And that’s where your efforts can make all the difference. Although your veterinarian will likely prescribe anti-inflammatories and/or bronchodilators to counter the physiological effects of heaves, management rather than medication is often the key to helping a horse recover. Couetil has seen this firsthand: “Over the years I’ve probably had about 100 horses donated to me because they couldn’t be managed adequately to prevent heaves, but I’ve only had two that needed medication once in a while because respiratory problems would flare up. The rest have done fine just with our management, with no medication. They live at the farm, and when they are not in a study they are outdoors 24-7 with just a shelter in their pasture. They are fed a complete pelleted feed during the winter when there is not enough grass.”

Your best advisor for addressing your horse’s particular situation is, of course, your veterinarian. And you may need to do a little detective work to identify elements in a horse’s environment most likely to trigger RAO. But, to help you get started, we’ve compiled a list of the measures most commonly recommended to reduce the stress on horses with heaves. 


Dry hay is one of the primary sources of dust and mold spores that cause RAO. And the issue isn’t just with “moldy hay.”

“What is difficult for people to understand is that good quality hay can be a problem,” Couetil says. “They realize that moldy hay is bad, but they think their hay is good. But there is still some dust—and some mold spores—in good quality hay. It’s generally a question of how much. Once the horse is sensitive to molds, a breathing problem can be triggered even by good quality hay. We have studies going on right now to demonstrate this. The same molds can be found in good hay, just not as many.”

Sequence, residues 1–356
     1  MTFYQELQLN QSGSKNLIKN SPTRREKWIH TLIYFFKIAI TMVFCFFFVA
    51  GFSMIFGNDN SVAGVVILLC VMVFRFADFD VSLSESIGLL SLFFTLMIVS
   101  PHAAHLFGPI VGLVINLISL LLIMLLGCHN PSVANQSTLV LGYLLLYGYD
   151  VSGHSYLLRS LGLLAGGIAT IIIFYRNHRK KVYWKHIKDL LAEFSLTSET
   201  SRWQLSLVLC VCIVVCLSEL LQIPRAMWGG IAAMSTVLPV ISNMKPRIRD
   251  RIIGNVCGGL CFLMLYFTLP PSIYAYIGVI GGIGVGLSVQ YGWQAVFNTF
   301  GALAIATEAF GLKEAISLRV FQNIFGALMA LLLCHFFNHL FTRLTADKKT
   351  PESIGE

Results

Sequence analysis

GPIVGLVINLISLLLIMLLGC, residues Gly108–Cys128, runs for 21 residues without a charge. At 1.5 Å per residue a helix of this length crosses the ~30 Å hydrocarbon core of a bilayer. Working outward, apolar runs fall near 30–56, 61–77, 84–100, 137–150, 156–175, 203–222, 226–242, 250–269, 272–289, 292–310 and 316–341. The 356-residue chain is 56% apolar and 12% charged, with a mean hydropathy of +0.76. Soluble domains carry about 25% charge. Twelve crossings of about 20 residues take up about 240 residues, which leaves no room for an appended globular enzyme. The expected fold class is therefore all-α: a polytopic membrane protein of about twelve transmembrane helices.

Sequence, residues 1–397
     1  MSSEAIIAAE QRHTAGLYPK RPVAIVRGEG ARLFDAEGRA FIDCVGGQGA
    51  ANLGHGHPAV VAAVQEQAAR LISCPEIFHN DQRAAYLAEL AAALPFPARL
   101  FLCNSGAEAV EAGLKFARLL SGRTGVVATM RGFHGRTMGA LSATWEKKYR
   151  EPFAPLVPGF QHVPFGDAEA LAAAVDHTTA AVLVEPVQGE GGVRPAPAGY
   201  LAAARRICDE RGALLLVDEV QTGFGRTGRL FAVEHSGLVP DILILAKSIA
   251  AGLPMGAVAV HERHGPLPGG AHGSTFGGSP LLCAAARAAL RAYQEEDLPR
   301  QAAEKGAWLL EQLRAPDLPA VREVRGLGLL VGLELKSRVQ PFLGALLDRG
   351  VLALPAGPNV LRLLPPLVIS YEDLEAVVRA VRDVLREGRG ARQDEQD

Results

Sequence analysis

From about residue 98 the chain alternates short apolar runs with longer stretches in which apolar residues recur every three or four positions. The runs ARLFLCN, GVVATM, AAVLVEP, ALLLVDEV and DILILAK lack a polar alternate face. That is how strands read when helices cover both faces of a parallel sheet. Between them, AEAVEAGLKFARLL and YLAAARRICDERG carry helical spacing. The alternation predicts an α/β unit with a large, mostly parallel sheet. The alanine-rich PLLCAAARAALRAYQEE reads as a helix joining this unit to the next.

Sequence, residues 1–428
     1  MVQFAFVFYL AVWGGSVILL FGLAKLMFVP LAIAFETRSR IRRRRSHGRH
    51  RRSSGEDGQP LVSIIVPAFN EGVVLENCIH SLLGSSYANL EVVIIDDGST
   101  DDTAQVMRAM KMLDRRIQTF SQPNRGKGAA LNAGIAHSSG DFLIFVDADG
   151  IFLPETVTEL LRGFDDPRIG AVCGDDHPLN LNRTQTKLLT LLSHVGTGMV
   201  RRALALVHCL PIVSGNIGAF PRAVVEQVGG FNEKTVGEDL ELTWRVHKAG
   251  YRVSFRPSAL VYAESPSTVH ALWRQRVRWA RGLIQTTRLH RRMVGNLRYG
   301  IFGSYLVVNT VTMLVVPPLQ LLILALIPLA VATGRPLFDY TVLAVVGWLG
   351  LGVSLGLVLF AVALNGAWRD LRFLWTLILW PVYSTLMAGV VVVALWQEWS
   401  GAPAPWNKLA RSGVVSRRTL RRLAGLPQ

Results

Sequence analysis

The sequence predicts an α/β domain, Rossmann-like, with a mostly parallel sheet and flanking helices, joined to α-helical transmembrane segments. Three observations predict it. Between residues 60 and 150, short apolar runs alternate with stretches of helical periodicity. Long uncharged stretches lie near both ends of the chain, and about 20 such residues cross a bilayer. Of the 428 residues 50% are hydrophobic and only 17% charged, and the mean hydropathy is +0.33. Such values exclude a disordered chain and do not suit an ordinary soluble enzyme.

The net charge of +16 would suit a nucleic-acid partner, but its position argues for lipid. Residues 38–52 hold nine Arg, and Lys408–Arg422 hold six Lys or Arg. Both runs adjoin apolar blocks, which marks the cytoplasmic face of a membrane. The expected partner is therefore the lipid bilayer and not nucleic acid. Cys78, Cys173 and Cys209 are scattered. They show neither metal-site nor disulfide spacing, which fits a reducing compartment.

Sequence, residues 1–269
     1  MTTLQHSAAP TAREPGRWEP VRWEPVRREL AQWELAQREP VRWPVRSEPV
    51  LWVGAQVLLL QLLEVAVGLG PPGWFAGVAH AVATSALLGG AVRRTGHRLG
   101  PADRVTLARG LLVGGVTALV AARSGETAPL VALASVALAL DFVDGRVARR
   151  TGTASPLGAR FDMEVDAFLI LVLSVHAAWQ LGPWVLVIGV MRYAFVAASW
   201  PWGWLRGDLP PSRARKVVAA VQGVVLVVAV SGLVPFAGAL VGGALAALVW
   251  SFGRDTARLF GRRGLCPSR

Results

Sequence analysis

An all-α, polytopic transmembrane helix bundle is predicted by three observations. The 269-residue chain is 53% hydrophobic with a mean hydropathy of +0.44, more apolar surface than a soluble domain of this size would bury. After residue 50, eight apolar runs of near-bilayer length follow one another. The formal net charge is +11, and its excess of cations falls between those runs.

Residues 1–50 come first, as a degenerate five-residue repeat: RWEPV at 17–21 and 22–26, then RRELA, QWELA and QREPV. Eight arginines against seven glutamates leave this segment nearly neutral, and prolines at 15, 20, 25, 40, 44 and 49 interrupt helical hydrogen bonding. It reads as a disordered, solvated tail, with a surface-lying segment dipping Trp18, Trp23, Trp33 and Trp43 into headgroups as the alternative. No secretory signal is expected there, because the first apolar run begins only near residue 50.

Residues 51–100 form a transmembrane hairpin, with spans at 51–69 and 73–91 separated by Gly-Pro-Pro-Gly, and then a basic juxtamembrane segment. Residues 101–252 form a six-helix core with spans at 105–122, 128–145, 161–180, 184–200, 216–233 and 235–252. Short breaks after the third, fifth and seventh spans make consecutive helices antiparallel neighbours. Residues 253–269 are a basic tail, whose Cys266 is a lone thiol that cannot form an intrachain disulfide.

Wetting down hay prior to feeding has long been a tried-and-true way to reduce the levels of dusts and molds a horse inhales while eating. The amount of water needed depends on the horse’s level of sensitivity. “It’s really a spectrum; some of the mildly affected horses can tolerate even dry hay, as long as they are fed outside,” says Johnson, and for some horses, simply wetting the hay with a hose will be enough. For extremely sensitive horses, however, it may be necessary to submerge the hay in a trough or bucket to soak it thoroughly.


Steaming is a newer option for treating hay. Hay steamers are available from several manufacturers, sized to steam whole bales, half bales, and individual portions. “When considering a steamer, select one that gets the core temperature of the hay up to 212 degrees Fahrenheit; this eliminates or greatly reduce the microbes. You are not just adding moisture to the hay, but also reducing the load of molds and fungi which are considered some of the primary causative agents of equine heaves,” says Buechner-Maxwell, who recently conducted a study to assess the value of steaming hay. She found that RAO horses who were fed steamed hay had reduced respiratory signs than they did when fed untreated hay.

Steamers may require some care and preparation. “The process produces a small volume of runoff water that can be directed into a drain through a hose. In climates where temperatures drop below freezing in winter, the steamer will also need to be kept in a heated environment to avoid freezing or the water will need to be drained from the system between uses,” says Buechner-Maxwell. “Even though steaming takes a little extra effort, owners report that feeding their heavey horses steamed hay reduces or eliminates the need to maintain them long-term on medications like corticosteroids.” 


Many heavey horses kept on pasture have access to round bales, which could exacerbate their respiratory condition. “Round bales have higher levels of endotoxins, dusts and molds compared to other forage sources,” explains Johnson. “People think the horse will be fine just because it is outside, on pasture, and then wonder why he isn’t getting better—and it’s because the horse is sticking his nose into a round bale and breathing the dust.”